post #24 of 54
Quote:
Originally posted by Chagi

A couple of criticisms of the roadmap to consider though. It's doubtful that Prescott will ship 4th quarter of 2003, so we'll more likely see it 1st or even 2nd quarter of 2004. Given the problems that Intel is currently experiencing, I highly doubt that Intel will be shipping 4GHz by mid-2004.

The question becomes: Do you think Intel could have shipped a much faster P4s by now if AMD had been more competitive in the year before the release of the Athlon 64? I still think a 4 GHz P4 is doable by 2H04. The .13µ Northwood 3.4 GHz P4 EE will be out soon. That's not even on this roadmap. 3.6 GHz Prescott in February/March. 4.0 GHz in July/August sounds completely reasonable given the move to .09µ.
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post #25 of 54
Quote:
Originally posted by Powerdoc
I have read somewhere : but is it good infos ?, that the Prescott chip will be more deeply pipelined than the P4, and thus at equal mhz it will be lighty slower.

If this info is true, a 3 ghz G5 will kick the ass of a 4 ghz Prescott.

It is true that the Prescott will be slightly deeper pipelined (more drive-stages afaik, to help accelerate clock-frequency), but Intel has also done efforts to make the Prescott more efficient (as in higher IPC). I don't know exactly what, but it will have SSE3 (minor upgrade, really), PNI (Prescott New Instructions), so I guess it won't be much slower per clock than the Northwood, if slower at all.

But I too think that a 3GHz G5 with 1MB of L2 cache would be more competitive with a 4Ghz (not that they'll reach such a high frequency in time) Prescott, than the 2GHz G5 is with the 3.2Ghz P4 today.

Now, if only Apple/IBM could reduce their damn cache and memory latencies with the G5.
post #26 of 54
With Intel in the 3 Ghz range (2.8-3.2) for quite a while that would be an opportunity for Motorolas G4 to acually cross that "half clock speed threshold" that they have been under since 1999 or early 2000.

Will they ever cross 2 GHz will anyone care
post #27 of 54
Quote:
Originally posted by Zapchud
It is true that the Prescott will be slightly deeper pipelined (more drive-stages afaik, to help accelerate clock-frequency), but Intel has also done efforts to make the Prescott more efficient (as in higher IPC). I don't know exactly what, but it will have SSE3 (minor upgrade, really), PNI (Prescott New Instructions), so I guess it won't be much slower per clock than the Northwood, if slower at all.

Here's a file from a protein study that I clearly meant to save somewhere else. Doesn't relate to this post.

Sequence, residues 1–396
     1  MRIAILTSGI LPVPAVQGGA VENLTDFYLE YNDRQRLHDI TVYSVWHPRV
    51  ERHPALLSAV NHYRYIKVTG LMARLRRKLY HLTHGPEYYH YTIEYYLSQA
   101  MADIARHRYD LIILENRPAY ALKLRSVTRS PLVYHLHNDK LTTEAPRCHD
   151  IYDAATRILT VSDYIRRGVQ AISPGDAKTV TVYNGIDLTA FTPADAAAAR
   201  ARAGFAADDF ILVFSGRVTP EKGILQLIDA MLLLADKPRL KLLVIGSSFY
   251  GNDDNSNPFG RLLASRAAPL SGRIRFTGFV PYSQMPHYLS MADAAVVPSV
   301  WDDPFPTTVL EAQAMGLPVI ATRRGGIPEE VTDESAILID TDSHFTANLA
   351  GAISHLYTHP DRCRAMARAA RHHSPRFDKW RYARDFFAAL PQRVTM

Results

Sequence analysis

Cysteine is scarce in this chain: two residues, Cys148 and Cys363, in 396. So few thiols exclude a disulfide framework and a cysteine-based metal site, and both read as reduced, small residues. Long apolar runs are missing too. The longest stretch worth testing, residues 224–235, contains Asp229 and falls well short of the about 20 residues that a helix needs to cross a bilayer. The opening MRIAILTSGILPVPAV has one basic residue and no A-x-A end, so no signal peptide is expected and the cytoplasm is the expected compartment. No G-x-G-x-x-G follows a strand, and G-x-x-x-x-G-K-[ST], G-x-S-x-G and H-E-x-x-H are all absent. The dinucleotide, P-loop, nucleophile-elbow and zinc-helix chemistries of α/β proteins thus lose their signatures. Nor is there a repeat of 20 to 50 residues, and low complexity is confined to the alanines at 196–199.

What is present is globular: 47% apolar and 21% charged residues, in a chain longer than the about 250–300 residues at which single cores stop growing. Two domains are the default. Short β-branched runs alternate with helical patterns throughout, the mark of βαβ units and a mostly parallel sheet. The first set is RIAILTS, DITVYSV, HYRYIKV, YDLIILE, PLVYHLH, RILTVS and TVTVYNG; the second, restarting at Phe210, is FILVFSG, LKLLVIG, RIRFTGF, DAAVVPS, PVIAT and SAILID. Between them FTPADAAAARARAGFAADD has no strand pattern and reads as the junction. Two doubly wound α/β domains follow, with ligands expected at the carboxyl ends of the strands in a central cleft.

But I too think that a 3GHz G5 with 1MB of L2 cache would be more competitive with a 4Ghz (not that they'll reach such a high frequency in time) Prescott, than the 2GHz G5 is with the 3.2Ghz P4 today.

Now, if only Apple/IBM could reduce their damn cache and memory latencies with the G5.

The IBM engineers have claimed that the G5 core is build to deal with such latencies : the vast number of registers allow to feed continualy the beast without suffering from latencies problems.

Thanks for confirming the deeper pipelining. But even if Intel did some tricks to make the Prescott more efficient, a deeper pipelining means nearly always less speed, unless great changes in the design are made. For example the G4 7400 have 4 units and the 7450 7 units, and they have the same performance level per mhz only after optimisation of the code.
If the Prescott do not have more executive units than the P4, even with a larger cache, an improved BPU, the chip will be slower at equal mhz.
A optimist guess for Intel will be a 3,2 ghz P4 equal a 3,4 ghz P5 (prescott).

A last note :
The P4 EE are Extremely Expansive : near 1000 at least in France (if you can find one) for the 3,2 ghz model.
I think that AMD is still in the competition with his Athlon 64 bits.
post #28 of 54
Intel can lengthen it's pipelines as much as it wants. It's chips are still going to hit a brick wall because of heat. I heard somewhere at the current rate the heat density of chips is increasing, within a decade or so, they'll be as hot as a nuclear furnace.
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post #29 of 54
Quote:
Originally posted by Powerdoc
Thanks for confirming the deeper pipelining. But even if Intel did some tricks to make the Prescott more efficient, a deeper pipelining means nearly always less speed, unless great changes in the design are made. For example the G4 7400 have 4 units and the 7450 7 units, and they have the same performance level per mhz only after optimisation of the code.